Saturday, March 27, 2010

Umm, Yeah, About Those Bilateral Trade Stats....

In his weekly column, the WSJ's "Numbers Guy" (John Miller) gets into the weeds on international trade statistics and echoes a lot of the stuff that I've been saying here for a while:
According to some economists, trade in finished products—the things consumers actually buy, such as cars, computers and iPods—declined by much less than 12.2% last year. That is because as much as two-thirds of the value of goods that go into trade statistics represent intermediate parts, which are imported from other countries and used to make finished products that then get re-exported. Economists call this the "valued-added effect." If the value of imported parts were stripped out, however, global trade would have declined by between 4% and around 8% last year, economists say.

By ignoring the multinational composition of goods, conventional trade data also make trade imbalances between some trading partners seem larger than they really are.

China imports a huge quantity of parts from places like Japan and South Korea, but when those components are assembled into finished goods and shipped to the U.S., all the pieces count as Chinese exports, inflating the U.S. trade imbalance with its most polarizing trade partner.

A study by the Sloan Foundation in 2007, for example, found that only $4 of an iPod that costs $150 to produce is made in China, even though the final assembly and export occurs in China. The remaining $146 represents parts imported to China. If only the value added by manufacturers in China were counted, the real U.S.-China trade deficit would be as much as 30% lower than last year's gap of at $226.8 billion, according to a number of economists.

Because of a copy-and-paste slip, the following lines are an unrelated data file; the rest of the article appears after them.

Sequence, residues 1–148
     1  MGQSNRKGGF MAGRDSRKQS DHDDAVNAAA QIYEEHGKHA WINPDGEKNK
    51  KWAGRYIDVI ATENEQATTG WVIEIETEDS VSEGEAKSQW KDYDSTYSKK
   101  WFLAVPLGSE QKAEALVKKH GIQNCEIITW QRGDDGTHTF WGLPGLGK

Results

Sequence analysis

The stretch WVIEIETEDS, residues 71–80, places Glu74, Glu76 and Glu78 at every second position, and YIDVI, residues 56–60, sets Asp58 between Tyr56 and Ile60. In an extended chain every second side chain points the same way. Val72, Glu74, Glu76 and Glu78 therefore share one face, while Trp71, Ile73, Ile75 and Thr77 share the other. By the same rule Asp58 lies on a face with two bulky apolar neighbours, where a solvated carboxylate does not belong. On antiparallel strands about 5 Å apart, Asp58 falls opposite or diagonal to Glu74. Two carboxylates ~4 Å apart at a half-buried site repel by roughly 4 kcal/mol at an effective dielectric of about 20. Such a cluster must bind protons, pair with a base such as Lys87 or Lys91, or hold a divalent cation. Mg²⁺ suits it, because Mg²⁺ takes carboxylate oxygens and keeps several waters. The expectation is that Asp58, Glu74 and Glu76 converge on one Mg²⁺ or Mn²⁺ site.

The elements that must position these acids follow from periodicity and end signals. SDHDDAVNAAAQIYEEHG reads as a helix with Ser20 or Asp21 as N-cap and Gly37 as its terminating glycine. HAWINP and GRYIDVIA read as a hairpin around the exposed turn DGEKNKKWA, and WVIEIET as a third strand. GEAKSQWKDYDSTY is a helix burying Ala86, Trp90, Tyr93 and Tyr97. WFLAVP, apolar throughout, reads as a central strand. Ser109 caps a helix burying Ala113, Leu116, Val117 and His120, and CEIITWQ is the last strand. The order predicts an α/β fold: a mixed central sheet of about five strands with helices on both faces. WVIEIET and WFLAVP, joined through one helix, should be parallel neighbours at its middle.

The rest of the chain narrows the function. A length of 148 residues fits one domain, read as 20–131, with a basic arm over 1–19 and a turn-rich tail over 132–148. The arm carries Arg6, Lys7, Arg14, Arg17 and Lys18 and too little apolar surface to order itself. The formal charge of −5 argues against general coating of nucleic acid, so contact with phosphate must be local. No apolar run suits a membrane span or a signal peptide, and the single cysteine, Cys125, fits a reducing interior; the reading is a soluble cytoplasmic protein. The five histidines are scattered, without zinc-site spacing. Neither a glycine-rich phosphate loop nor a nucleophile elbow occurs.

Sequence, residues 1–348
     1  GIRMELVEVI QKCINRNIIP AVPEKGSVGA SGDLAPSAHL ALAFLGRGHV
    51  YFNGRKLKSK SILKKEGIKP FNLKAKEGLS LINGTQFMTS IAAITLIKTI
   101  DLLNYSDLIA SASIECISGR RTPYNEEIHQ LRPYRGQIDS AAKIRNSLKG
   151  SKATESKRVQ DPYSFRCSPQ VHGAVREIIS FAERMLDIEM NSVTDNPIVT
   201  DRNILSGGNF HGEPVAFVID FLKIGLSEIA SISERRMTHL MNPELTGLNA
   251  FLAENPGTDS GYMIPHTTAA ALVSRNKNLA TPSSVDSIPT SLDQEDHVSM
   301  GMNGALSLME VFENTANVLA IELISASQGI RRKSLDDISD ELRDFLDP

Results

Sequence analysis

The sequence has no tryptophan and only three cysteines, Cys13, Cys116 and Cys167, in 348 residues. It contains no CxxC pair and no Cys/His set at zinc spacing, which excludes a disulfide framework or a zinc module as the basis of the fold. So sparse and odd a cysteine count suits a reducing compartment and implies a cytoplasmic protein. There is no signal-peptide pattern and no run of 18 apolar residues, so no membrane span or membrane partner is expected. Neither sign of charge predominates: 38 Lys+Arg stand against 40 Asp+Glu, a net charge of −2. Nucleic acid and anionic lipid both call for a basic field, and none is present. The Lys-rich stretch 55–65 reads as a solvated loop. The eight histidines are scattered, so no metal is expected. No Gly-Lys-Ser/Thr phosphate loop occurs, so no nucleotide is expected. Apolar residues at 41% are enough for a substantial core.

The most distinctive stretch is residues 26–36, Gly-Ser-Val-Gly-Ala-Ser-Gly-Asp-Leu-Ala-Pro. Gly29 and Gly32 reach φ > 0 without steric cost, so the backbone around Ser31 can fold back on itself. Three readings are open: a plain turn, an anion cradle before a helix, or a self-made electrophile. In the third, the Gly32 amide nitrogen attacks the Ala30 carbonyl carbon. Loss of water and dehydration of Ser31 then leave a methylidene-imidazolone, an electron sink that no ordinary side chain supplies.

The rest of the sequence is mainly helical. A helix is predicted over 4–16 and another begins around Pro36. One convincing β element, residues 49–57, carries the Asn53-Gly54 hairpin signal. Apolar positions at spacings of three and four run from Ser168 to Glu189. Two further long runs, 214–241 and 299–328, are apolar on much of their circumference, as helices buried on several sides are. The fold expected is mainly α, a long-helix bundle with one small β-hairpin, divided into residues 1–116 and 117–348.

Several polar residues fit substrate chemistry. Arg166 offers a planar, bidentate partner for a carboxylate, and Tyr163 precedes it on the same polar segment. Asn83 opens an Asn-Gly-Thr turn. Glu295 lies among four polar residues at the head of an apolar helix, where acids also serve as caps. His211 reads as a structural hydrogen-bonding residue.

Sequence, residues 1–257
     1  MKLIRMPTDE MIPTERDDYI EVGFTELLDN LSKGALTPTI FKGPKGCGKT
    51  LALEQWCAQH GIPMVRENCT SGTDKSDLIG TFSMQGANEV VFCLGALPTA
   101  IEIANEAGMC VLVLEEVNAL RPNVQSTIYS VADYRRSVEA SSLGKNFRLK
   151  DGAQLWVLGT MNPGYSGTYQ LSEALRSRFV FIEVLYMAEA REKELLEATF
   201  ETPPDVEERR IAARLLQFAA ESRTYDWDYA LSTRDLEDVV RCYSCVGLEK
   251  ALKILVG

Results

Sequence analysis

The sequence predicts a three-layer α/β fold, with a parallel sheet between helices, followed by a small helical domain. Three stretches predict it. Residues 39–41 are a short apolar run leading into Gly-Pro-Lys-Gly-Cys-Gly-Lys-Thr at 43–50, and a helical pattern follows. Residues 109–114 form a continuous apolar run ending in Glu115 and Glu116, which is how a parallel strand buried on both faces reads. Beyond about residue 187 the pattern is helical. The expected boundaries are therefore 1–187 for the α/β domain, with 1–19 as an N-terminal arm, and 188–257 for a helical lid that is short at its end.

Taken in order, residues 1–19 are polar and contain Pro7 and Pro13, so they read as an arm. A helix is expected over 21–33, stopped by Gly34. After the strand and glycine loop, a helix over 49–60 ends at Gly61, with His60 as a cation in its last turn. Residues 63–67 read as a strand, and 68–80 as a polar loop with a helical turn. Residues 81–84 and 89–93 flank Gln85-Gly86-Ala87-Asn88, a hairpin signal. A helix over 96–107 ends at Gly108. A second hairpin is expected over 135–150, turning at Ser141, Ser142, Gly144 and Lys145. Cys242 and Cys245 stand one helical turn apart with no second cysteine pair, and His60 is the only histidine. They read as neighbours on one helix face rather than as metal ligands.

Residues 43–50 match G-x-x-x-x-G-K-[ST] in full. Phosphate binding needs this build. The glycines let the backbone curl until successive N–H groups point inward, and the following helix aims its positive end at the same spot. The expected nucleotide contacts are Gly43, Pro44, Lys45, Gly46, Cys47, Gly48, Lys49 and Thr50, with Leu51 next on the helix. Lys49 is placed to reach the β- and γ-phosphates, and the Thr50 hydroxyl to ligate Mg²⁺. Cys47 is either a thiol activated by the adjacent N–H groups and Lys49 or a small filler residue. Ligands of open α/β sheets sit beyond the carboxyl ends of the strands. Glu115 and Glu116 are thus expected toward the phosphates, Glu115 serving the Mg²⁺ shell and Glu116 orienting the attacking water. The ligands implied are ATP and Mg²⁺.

At the same time, the U.S. trade deficit with Japan would have been 25% higher than the $44.8 billion reported last year, because many goods that China and others export to the U.S. contain parts purchased in Japan.

The current method of calculating trade data is a headache for senior trade officials like Mr. Lamy. "It makes everything appear more volatile," he said recently in Brussels. "That creates a political problem."

At a time of financial crisis, Mr. Lamy would prefer that politicians, civil servants and academics focus on finished products. Big swings in trade flows make commerce appear more volatile than it is, he says. Inflated trade deficits with China stoke fears in the U.S. about job losses.

The latest round of global trade talks, which began in 2001, has stalled because of political fears about trade in the U.S., India and other countries. More than 100 members of Congress recently urged the administration of President Barack Obama to label China as a "currency manipulator." At recent Senate conference, Sen. Arlen Specter (D., Pa.) said that "we have lost 2.3 million jobs as a result of the trade imbalance with China between 2001 and 2007."
Great graphic, huh?  Anyway, the article goes on to say that, despite how misleading the current trade stats are, many economists believe that they're the best possible data.  That may be true, and it's totally fine for economists to quibble about that and even to ultimately stay with the "old model" of tracking trade.  From a purely political and/or policy perspective, however, it's a totally different story.  The obvious fact that our current trade statistics really don't show what's going on out there - i.e., the actual effects of trade flows on nations, their exporters/importers, or their workers - should cause everyone to view the outraged assertions re: bilateral trade from protectionists like Arlen Specter with very serious skepticism.

Better yet, just ignore them altogether.  Because, as I've said many times now, today's protectionists are still playing Atari 2600, while the global economy's playing Wii (or PS3 or XBox 360 or... you get the idea).

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